Newman as a Volcanic Eruption
“Newman’s Response to the Anglican Bishops’ Charge of Fancifulness and Skepticism”
Follow Newman as he looks back on his decision “to ask for admission (as he describes it) into the one fold of Christ.” “During my course of reading in the summer of 1839, I began to look for some ground to supply a basis for my view of antiquity and catholicity. … The history of St. Leo showed me that the deliberate and eventual consent of the great body of the Church ratified a doctrinal decision as a part of revealed truth…. The Creeds tell us that the Church is One, Holy, Catholic, and Apostolic. I could not prove that the Anglican communion was an integral part of the one Church, on the grounds of its teaching being apostolic or catholic. I could not defend our separation from Rome and her faith without using arguments prejudicial to those great doctrines concerning our Lord, which are the very foundation of the Christian religion. … I deliberately quit the old Anglican ground as untenable; though I did not do so all at once, but as I became more and more convinced of the state of the case. … I had no thought of leaving the Church of England because I felt some of my old objections against Rome as strongly as ever, I had no right, I had no leave, to act against my conscience. That was a higher rule than (writing about the One, Holy, Catholic and Apostolic) Notes of the Church.”
To the end of his life Newman was satisfied with his argument in Tract 90 (see my 21 February entry). He wrote: “Holiness as the true test of a Church was steadily kept in view in what I wrote in connection with Tract 90. … According to this theory, a religious body is part of the one, catholic and apostolic Church, if it has the succession and the creed of the apostles, with the note of holiness of life; and there is much in such a view to approve itself to the direct commonsense and practical habits of an Englishman. … I sunk my theory to a lower level … when the Bishops and the people of my Church, … actually rejected primitive Catholic doctrine, and tried to eject from their communion all who held it. This was the lower level on which I placed myself, and all who felt with me, at the end of 1841.”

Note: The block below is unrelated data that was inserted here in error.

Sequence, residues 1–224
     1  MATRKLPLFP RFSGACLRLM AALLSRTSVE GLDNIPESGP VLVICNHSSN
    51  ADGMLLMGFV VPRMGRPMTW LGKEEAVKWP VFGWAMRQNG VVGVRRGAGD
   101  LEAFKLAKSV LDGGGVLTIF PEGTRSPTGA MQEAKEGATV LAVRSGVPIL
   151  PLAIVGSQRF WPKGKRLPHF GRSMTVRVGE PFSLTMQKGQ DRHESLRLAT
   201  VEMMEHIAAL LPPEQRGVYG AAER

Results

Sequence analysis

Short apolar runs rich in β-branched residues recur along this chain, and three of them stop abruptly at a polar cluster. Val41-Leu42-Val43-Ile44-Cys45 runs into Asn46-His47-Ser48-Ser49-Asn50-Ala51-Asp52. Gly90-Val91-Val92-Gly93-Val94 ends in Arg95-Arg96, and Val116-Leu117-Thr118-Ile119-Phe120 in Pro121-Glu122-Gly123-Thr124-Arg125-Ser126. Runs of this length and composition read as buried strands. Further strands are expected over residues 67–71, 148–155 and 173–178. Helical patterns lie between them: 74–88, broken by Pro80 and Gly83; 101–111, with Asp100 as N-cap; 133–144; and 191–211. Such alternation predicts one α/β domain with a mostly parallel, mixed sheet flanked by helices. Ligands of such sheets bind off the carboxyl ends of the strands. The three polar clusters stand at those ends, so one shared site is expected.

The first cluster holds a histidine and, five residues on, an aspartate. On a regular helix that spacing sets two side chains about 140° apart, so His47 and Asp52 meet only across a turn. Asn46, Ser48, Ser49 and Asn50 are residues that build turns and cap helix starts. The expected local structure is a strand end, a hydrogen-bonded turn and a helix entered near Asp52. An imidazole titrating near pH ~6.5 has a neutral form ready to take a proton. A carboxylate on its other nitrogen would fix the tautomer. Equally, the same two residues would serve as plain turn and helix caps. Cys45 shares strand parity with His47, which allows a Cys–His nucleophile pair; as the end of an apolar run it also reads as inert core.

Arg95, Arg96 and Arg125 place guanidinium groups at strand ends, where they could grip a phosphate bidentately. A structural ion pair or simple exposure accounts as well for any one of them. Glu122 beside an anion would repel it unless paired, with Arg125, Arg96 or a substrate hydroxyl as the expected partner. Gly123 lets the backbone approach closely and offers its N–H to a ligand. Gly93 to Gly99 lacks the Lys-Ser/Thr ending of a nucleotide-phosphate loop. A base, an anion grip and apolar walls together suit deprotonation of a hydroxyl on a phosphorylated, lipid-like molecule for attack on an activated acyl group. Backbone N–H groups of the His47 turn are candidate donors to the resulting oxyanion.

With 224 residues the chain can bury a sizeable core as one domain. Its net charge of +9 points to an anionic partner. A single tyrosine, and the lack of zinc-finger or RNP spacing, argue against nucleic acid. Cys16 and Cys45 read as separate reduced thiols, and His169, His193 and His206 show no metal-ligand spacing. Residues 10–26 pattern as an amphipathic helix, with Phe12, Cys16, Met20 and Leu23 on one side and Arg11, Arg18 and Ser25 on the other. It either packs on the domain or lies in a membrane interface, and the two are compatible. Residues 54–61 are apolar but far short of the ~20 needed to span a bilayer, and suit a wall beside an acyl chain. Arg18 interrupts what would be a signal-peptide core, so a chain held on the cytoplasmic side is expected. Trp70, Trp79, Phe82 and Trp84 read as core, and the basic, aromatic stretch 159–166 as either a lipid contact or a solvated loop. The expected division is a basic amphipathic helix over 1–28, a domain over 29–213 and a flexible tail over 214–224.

Newman was faithful to the Anglo Catholic part of the Church of England. Rationalists and Evangelicals made up the other parts. “The Anglican theory was very distinctive. I admired it and took it on faith … my only worry … it was a paper system. … The liberals (rationalists) had beaten me in a fair field. …Submission to the Catholic Church could not have been earlier. … I did not possess certitude. In December 1844 I resolved to write on doctrinal development and if my convictions were not weaker, I would enter the Church of Rome. … On 3 April 1845, … (listen to his heart) accept this apology, my dear Church, and forgive me. As I say so, tears come into my eyes;—that arises from the accident of this time, when I am giving up so much I love. … I am this night (8 October 1845) expecting Father Dominic, the Passionist … He does not know my intention; but I mean to ask of him admission into the one fold of Christ…. ”
There you have Newman’s words, his character, his purpose and emphases! Do you find them illuminating? To what extent? Is Newman sufficient? Does he need to do more work? He chose certainty in making judgments which is not on the side of Lockean subjectivism. Newman worried about the process of downplaying the importance of having premises as constitutive to making judgments with certainty. A premise is a statement from which another is inferred or follows as a conclusion. To Newman, a combination of evidence and antecedent probabilities leads to practical judgments.